Tag Archives: Andes

Tierra Del Fuego


As I started thinking about putting together a video on this subject, I grappled with how to express the fantastic vastness of this land. By using aerial photography, long shots, macro and HDR I begun approximating the grandiose scenery of this unique area. The more I got into it, the more I doubted whether it would come through as in reality. After I re-edited 5 different times, I decided to tear it apart, and start all over. New music, new images, new animation. This is the result! Not sure if I did it justice, but I hope so.
Enjoy!

~ NOT FOR COMMERCIAL USE~
Creative Commons – Attribution – Non commercial – No Derivative Works 3.0 United States
License: http://www.creativecommons.org/licenses/by-nc-nd/3.0/us/
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Elements Used In This Production:
Photography all @ Flickr: Ricardo Martins; Alberto Concejal
Art & HDR: Leo Bar
Music: Last Breath by Greendjohn
http://www.jamendo.com/en/track/398175
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History and BAckground
Tierra Del Fuego – Argentina ~ THE FIRE THAT STILL PERSISTS

The southern-most city in the world, Ushuaia, is the entrance door to Antarctica, the place where mountains, glaciers, forests and sea meet; it is the capital city of the Argentinean province of Tierra del Fuego, Antarctica and Islands of Southern Atlantic. Mystic and remote. Rich in legends and stories of conquerors, adventurers and people chased by justice. It is also said that Tierra del Fuego is the place where the world starts and from where it is still possible to explore virgin lands.

Tierra del Fuego continues feeding the imagination of travelers and, suggestively, invites us to discover how the smooth Patagonian plain combines with the extremity of the Andes, the forests with the rivers, the mountain tops with the sea and reality with myth.

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Andes – Salta Y Jujuy


When Silvia Marmori, a great Argentinian photographer offered to send photos of one of her trips to the very northwest corner of Argentina, near the Bolivian border, I got excited.
The images that she sent were great, ambitiously taken and so well conceived that it inspired me to make this production a special one. Took me quite a while, because I didn’t want to compose a regular video. It had to be special, with music that would enhance and heighten the experience rather than complement it. So… that was the starting point, from then on and after 12 edits, 2 uploads (due to encoding problems) it finally came to see the light.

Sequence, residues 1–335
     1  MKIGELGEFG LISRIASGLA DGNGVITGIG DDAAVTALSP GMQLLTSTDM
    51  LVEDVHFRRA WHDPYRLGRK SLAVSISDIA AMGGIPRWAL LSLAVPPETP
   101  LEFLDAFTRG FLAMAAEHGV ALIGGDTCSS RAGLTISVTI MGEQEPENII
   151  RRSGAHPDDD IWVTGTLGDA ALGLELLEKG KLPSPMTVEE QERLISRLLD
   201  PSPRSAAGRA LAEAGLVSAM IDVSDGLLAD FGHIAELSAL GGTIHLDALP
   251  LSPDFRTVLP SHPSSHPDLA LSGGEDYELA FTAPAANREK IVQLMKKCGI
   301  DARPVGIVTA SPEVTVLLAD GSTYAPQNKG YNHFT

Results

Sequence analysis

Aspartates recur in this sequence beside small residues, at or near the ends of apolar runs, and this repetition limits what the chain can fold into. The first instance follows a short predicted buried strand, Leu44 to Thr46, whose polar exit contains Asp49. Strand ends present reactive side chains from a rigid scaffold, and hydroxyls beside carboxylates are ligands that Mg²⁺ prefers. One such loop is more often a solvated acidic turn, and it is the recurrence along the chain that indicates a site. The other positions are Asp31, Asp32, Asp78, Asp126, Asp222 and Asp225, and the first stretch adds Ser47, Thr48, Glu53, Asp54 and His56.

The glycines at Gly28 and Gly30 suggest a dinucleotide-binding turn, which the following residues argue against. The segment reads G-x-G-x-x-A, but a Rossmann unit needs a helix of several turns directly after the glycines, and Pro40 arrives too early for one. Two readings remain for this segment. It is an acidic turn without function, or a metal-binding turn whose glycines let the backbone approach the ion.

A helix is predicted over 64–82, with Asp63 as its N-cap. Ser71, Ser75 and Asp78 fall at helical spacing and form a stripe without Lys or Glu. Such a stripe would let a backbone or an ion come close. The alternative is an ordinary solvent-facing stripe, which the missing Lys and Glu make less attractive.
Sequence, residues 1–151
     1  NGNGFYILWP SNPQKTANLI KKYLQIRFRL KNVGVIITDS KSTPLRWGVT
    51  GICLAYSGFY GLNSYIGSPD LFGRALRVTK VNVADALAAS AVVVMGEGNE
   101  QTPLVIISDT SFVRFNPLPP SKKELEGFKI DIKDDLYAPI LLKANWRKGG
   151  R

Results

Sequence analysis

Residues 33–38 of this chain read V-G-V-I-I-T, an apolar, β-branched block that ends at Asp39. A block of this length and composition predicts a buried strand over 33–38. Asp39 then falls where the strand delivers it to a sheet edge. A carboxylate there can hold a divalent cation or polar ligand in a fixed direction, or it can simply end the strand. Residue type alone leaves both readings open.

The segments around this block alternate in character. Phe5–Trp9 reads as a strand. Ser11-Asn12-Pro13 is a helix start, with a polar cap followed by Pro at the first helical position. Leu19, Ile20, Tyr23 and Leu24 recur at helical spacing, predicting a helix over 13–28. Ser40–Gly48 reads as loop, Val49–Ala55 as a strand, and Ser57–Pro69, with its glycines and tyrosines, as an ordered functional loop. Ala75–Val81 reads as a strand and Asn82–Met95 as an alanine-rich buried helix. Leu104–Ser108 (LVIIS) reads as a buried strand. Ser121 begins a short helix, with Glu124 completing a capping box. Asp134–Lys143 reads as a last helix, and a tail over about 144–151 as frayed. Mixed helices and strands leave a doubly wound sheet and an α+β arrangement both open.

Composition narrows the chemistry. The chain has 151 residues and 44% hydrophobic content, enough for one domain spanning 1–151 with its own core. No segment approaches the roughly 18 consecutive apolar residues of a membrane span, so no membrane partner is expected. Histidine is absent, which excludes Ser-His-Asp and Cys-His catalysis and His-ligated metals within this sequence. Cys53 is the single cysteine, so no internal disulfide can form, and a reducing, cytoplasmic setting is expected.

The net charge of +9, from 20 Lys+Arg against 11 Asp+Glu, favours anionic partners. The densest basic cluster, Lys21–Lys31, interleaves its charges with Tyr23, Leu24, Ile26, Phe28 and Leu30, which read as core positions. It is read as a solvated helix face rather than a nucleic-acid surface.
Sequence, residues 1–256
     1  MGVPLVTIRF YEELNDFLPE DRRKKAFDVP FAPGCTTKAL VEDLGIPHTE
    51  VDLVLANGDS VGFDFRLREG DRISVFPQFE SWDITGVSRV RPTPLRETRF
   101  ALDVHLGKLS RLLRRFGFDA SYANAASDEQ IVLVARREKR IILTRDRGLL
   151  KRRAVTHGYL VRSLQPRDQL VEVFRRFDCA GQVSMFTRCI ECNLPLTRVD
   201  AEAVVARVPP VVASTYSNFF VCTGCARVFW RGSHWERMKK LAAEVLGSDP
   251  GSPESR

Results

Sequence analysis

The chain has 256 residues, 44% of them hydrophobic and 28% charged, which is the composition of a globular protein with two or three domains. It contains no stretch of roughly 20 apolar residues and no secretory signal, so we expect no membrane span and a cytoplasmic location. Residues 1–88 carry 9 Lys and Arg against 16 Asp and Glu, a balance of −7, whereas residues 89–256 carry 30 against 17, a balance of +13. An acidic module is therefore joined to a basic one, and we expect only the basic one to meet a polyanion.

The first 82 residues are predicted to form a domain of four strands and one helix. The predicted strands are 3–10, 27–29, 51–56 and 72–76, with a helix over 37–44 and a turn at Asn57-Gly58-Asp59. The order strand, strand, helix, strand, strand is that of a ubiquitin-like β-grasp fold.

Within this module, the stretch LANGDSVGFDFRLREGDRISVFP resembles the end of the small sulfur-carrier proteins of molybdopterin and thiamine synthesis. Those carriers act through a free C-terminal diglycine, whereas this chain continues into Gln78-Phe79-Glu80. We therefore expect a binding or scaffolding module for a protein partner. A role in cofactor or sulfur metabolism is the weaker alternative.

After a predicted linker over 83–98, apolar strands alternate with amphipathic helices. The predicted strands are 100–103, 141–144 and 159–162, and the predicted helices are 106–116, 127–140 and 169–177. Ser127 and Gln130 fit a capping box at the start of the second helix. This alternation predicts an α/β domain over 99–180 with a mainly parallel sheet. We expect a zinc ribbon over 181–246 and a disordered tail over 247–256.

I hope you enjoy watching it,
Leo

Andes Northwest – Argentina
Images taken in the Provinces of Salta & Jujuy

Photography
Silvia Marmori; Hans Koot
See more about these photographers :: http://www.LightVoyager-PhotoExpeditions.com

Music
Mosaica by Roger Subirana
Remix by Leo Bar

Locales where photos were captured (not in precise order) 

  • Puna Catamarqueña, Laguna Blanca
  • Tafi del Valle, El Mollar
  • Quebrada de las Conchas, Cafayate
  • Cachi, Quebrada de las Flechas
  • Pucara, Tilcara
  • Iruya, Salta
  • Humahuaca
  • Salinas Grandes, Jujuy
  • Tolar Grande, Antofagasta de la Sierra

Andes :: Cordillera Central


(central range)
San Juan province, Argentina

When I connected with Hector Tenaglia a while ago, and while looking at his impressive photographs of the Andes in the Province of San Juan, I got the feeling that this could be a great piece. The majestic Andes range, at this latitude, sports a variety of hues almost like painted out in layers.  Sometimes these colors can be seen variegated and sometimes as straight layers, due to the formation and compression of this massive uprising. Depending on how the sun hits it, you see these tones changing constantly during the day. What a spectacle!

Since I had been experimenting/exploring with light and the lack of it in my imagery, this work surfaced as a clear example of how light impacts us and changes our moods and perceptions…

Elements used in this production

Music: Dragons – Roger Subirana  :: www.jamendo.com/en/track/167882
Photography: Hector Ricardo Tenaglia :: www.Flickr.com/tata536
Aerial Photographs: Courtesy of NASA
HDR Art & Animation: Leo Bar
Background: